November 25, 2008

Animal behaviour and welfare: Dogs Part 2


Dog’s senses: Diet: Communication

By Dr Clive Dalton

  • The position of a dog's eyes on its head varies and this has important implications for its visual perception of things in its environment.
  • Generally dogs have 70% more peripheral and 20% narrower binocular vision than humans.
  • Hence dogs are more aware of movement at the side of their heads and they need to move their heads more in order to focus.
  • Dogs have an ability to see movement 10 times better than humans. We use this in training with hand signals to reinforce voice commands.
  • Slight movement of your hand or body can over stimulate a dog - so watch for raised arm that the dog may see as threat.
  • Visual discrimination of detail and silhouette is not as good as the human.
  • Dogs have poor colour reception and inferior awareness of detail.
  • Dogs can clearly differentiate between levels of brightness.
  • Hearing ranges from 20,000 to 50,000 cycles per second (cps). Humans peaks at 20,000 cps. So dogs can hear ultrasound.
  • As a general rule, dogs' hearing is about four times better than humans so a dog can hear sounds at 25m that man can only hear at 6m.
  • There are silent dog whistles used by some handlers. We hear this sound they make as a low hiss.
  • Visual clues are useful to indicate to the dog where a sound came from.
  • Dogs don't understand English -they hear sounds. So vary the sounds you use to command a dog.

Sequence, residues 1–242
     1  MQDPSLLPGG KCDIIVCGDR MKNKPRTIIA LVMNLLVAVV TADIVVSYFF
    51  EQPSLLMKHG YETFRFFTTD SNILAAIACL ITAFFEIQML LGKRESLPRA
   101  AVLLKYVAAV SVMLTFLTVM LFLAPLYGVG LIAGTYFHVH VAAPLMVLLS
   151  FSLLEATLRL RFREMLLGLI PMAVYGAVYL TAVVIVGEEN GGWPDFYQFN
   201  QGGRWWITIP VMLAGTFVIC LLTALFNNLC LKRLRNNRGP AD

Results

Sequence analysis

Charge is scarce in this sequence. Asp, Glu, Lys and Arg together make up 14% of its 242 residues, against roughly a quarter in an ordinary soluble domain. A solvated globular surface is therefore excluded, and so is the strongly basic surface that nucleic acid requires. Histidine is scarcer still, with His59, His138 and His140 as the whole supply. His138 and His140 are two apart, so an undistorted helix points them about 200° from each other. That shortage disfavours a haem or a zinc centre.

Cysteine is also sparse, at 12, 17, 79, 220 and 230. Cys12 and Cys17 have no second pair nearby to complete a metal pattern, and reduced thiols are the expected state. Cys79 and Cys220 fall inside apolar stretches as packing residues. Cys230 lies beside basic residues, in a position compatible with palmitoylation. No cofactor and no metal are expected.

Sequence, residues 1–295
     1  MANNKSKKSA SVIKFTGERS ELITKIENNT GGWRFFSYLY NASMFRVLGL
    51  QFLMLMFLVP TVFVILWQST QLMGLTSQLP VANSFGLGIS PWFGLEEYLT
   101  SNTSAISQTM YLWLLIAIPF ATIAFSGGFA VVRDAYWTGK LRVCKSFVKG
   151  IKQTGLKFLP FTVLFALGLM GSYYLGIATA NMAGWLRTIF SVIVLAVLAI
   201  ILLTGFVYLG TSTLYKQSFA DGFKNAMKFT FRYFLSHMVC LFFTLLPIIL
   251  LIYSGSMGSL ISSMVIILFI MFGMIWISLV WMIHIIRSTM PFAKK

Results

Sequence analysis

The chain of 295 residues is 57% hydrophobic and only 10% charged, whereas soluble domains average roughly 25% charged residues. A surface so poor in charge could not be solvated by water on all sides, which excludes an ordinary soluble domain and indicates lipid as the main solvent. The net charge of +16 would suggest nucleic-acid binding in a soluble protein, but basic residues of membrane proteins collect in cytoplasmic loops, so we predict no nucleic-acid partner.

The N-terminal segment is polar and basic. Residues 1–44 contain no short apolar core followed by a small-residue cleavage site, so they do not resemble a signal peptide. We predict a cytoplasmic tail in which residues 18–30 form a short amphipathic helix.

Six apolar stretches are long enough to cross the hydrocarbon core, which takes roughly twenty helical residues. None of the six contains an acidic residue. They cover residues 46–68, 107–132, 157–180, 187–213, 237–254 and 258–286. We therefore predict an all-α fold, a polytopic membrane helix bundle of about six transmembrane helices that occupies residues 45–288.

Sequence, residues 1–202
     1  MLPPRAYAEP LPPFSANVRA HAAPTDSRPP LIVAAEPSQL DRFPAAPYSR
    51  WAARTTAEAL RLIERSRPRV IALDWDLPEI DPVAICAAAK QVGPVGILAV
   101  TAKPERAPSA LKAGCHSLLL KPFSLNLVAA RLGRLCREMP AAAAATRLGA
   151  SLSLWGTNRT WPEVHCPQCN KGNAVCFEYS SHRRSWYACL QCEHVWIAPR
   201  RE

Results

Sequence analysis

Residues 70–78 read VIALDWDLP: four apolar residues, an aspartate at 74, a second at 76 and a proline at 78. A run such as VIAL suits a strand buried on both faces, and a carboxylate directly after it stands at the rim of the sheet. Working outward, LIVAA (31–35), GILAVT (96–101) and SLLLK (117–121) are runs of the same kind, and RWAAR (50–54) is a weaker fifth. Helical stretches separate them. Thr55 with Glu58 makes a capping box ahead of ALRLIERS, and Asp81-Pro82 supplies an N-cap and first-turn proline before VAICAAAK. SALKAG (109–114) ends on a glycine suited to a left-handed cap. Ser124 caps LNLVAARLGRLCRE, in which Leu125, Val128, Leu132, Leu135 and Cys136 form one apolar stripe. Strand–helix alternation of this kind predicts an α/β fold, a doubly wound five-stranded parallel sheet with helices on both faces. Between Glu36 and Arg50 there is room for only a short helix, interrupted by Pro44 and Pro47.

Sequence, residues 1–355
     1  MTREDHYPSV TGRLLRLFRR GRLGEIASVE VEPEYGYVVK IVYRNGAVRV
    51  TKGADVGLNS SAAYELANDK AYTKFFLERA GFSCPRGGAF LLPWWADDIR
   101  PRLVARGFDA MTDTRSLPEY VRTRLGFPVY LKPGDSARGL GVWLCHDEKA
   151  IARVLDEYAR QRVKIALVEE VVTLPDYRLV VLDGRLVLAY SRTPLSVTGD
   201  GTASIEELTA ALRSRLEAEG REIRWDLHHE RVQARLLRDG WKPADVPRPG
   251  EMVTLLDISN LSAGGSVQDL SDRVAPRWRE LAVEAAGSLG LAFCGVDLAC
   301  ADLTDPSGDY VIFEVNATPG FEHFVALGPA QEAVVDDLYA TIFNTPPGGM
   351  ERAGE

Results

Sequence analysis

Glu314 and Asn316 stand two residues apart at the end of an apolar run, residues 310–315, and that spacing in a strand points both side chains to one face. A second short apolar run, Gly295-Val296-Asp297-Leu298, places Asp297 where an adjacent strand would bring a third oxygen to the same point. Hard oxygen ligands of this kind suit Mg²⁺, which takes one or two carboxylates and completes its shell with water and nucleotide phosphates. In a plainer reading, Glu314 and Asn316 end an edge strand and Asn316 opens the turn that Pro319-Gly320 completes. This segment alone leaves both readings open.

• There is no need to shout at a dog! Use loud sounds for reprimands and soft for approval.
  • Dogs respond to a "happy voice" when given with other positive signals.
  • Keep auditory signals simple.
  • The dog has a highly developed sense of smell - 1000 times better than humans.
  • Dogs can smell a fingerprint on glass up to 6 weeks after placement.
  • Dogs have a Vomeronasal Organ (VNO) near the hard palate that provides a third chemical sense so it's almost tasting a smell as well as smelling it.
  • The dog does not show a Flehmen response like the cat.
  • The dogs acute sense of smell is a major cause of "human" problems.
  • Smelling bitches on heat at long distances.
  • Finding carrion to eat and roll in.
  • Smelling strangers as a threat and biting.
  • A new theory says the dog's great ability to smell was a reason for "joint evolution". Man lost his sense of smell because the dog as part of his tribe, did the smelling for him.
  • Smell is a vitally important part of dog communication when meeting. Dogs greet each other first nose-to-nose (naso-naso).
  • Remember the importance of smell when dogs meet humans - hold the back of your hand out to a strange dog to smell.
  • The dog's anal glands hold its complete CV. So after the naso-naso greeting, dogs proceed to smell each other's anal region (naso-ano).
  • The early life of a dog is one of touch and smell as it is born blind and with poor hearing.
  • Hence touch is an enormous bonding feature among dogs and is one of the highest rewards you can give a dog.
  • It is the key to bonding with humans during training and you see it with huntaways at dog trials - leaning on their handler for reassurance waiting the start.